Kingston vaccine clinic opens at Invista Centre

Public health confirms discussions with Queen’s, possibility of opening on-campus vaccine clinic in the fall

Mayor Bryan Paterson and Dr. Kieran Moore, medical officer for KFL&A Public Health, unveiled Kinston’s new vaccine clinic on Monday.
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Starting Monday afternoon, some members of the Kingston population can receive COVID-19 vaccines at the Invista Centre.

During a media tour of the clinic on Monday, Mayor Bryan Paterson and Dr. Kieran Moore, medical officer for Kingston, Frontenac and Lennox and Addington (KFL&A) Public Health, were available to answer questions from the media.

“This is a milestone moment for our community. There’s no doubt this day has been coming for a long time,” Paterson said.

The vaccine centre will be open seven days a week from 9 a.m. to 4 p.m. Kayla Lee, public health nurse for KFL&A Public Health, noted that the vaccine clinic will likely be open for evening appointments once vaccine supply increases.

Patients arriving at the clinic to receive care are told to arrive 10 minutes prior to their appointment. There is an area for patients to wait following immunization in the event of allergic reactions, as well as an emergency area for patients to receive emergency care after their vaccines are administered. Paramedics will be on-site at the clinic starting Tuesday.

 

The clinic is currently vaccinating individuals eligible for the first phase of the vaccine rollout, which includes individuals living in long-term care homes, essential caregivers, and front-line healthcare workers.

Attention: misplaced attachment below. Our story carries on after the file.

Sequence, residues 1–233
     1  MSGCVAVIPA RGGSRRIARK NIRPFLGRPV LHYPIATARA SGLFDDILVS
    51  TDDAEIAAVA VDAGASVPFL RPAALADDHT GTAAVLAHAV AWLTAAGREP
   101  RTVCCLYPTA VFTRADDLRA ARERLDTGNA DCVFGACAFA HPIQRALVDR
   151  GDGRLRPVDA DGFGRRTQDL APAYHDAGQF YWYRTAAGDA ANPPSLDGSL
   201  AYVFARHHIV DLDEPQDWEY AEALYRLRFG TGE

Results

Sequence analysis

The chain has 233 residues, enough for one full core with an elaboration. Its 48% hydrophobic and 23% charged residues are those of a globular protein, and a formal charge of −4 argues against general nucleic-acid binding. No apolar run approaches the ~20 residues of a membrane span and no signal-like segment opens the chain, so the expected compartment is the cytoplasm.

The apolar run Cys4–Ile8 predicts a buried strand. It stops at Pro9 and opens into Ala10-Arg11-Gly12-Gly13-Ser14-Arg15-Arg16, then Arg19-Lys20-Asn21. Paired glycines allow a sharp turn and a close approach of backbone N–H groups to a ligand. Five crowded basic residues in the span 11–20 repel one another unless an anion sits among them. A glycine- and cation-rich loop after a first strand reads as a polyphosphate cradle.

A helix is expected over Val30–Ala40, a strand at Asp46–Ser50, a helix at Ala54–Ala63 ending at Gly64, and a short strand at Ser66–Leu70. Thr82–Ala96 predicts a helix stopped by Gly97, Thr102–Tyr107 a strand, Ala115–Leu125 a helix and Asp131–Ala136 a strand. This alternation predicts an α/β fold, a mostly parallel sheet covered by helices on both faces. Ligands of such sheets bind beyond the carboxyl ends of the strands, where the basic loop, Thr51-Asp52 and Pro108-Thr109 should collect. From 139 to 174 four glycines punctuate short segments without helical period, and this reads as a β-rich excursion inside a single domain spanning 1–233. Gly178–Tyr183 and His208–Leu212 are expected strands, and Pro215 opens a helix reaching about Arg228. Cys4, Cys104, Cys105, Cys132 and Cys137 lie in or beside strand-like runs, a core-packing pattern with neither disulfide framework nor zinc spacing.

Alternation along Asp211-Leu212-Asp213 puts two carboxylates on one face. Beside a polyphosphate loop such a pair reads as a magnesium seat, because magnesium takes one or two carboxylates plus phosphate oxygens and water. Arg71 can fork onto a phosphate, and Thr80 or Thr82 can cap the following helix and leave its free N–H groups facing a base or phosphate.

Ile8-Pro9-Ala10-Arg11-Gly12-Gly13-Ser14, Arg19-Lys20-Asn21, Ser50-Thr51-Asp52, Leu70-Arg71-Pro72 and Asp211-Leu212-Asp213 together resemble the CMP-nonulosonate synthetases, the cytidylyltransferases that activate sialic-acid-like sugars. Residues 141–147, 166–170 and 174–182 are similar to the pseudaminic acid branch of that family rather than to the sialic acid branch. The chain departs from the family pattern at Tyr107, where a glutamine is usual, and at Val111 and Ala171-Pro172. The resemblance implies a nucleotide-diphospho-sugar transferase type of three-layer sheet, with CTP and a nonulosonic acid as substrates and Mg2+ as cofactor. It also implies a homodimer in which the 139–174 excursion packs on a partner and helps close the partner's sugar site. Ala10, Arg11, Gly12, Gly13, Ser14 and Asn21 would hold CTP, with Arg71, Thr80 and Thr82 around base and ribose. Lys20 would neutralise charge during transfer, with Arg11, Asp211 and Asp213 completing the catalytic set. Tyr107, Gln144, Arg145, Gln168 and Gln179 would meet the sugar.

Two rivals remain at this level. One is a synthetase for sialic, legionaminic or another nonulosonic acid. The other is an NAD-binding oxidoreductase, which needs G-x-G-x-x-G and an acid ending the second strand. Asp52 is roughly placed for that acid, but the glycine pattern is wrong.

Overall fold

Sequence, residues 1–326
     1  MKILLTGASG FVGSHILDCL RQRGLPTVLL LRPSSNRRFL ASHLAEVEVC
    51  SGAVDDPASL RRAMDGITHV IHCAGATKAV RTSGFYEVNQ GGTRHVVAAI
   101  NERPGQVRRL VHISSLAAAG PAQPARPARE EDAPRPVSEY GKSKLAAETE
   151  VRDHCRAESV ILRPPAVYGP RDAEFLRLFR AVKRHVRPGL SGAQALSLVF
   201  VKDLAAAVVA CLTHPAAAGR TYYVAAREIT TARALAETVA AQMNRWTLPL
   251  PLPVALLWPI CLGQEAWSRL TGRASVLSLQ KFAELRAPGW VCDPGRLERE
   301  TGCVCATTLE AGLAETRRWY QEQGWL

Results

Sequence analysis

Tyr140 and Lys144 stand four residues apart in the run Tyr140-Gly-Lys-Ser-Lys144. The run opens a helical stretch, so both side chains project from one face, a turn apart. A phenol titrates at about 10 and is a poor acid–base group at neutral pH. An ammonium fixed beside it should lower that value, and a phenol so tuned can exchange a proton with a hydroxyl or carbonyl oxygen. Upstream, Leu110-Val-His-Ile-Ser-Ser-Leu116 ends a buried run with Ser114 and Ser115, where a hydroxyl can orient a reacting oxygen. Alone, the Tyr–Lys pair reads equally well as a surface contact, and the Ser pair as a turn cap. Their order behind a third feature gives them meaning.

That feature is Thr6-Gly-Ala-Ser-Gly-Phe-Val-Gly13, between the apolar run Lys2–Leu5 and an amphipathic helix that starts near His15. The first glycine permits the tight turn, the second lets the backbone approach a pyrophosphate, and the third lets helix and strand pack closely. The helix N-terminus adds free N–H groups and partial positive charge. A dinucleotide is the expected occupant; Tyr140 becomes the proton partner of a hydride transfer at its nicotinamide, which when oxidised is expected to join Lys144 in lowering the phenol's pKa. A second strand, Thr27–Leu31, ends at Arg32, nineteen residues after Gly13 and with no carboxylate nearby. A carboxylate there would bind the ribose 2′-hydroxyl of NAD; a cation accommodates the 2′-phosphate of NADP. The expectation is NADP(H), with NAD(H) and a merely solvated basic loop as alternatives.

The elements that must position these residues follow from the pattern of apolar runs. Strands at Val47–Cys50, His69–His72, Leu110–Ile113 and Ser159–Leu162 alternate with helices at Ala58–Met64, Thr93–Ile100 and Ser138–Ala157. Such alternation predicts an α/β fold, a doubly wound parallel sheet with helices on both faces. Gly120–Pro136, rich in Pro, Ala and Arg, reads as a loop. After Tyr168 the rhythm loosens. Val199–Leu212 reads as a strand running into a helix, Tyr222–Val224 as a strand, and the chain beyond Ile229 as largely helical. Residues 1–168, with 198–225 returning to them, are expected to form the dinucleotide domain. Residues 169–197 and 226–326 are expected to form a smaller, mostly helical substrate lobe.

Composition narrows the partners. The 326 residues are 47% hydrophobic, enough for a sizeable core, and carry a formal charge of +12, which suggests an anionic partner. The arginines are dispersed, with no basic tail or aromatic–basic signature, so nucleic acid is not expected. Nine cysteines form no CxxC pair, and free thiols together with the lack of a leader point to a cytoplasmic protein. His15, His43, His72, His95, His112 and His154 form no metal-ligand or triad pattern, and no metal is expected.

The Kingston region has administered 5,814 first doses and 2,662 second doses as of Monday.

READ MORE: 11 active cases of COVID-19 at Queen’s

Moore said the Invista Centre location will be able to immunize 3,000 people per day. Public Health aims to raise this number to 10,000 per day in the coming months, pending additional vaccine rollouts. 

Vaccines will be administered in a “multi-component strategy” via temporary sites across the region, mobile centres, and providing direct access to vaccines by going to those who are unable to travel to a clinic.

With the facility opening, people over 80 will be able to receive their vaccines “in parallel” with the first wave of the population being vaccinated, Moore said. Due to recent outbreaks at shelters across the province, those in shelters are also eligible for the vaccine.

“It’s multiple streams running in parallel right now as we try to move forward,” Moore said.

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He added that Public Health will be consistently rolling out the vaccine to high-risk groups through the end of May, at which point it will reassess who is eligible. Moore also predicted the vaccine will be distributed to normal healthcare facilities by mid-summer, at which point lower-risk groups, such as young adults, will be able to get immunized.

“If we can get enough population coverage with the vaccine, I really do hope by the end of the year we’re back to—I think we’ll still be wearing masks—but I think we’ll be back to normal in terms of our life,” Moore said.

The region is one of six in Ontario being used in the soft rollout of the province’s vaccination booking portal, which will become public March 15. Through the rollout, public health officials will directly reach out to individuals over 80 to assist them in booking their appointments online.

KFL&A Public Health has also discussed implementing on-campus vaccination clinics at Queen’s and St. Lawrence College by fall 2021.

"We’ve already had a discussion with Queen’s University and St. Lawrence College about immunizing on campus because there should be vaccine availability for that population at that time,” Moore said.

“I think that’s just going to be brilliant to be able to immunize them as they move into residences if they haven’t been vaccinated already."

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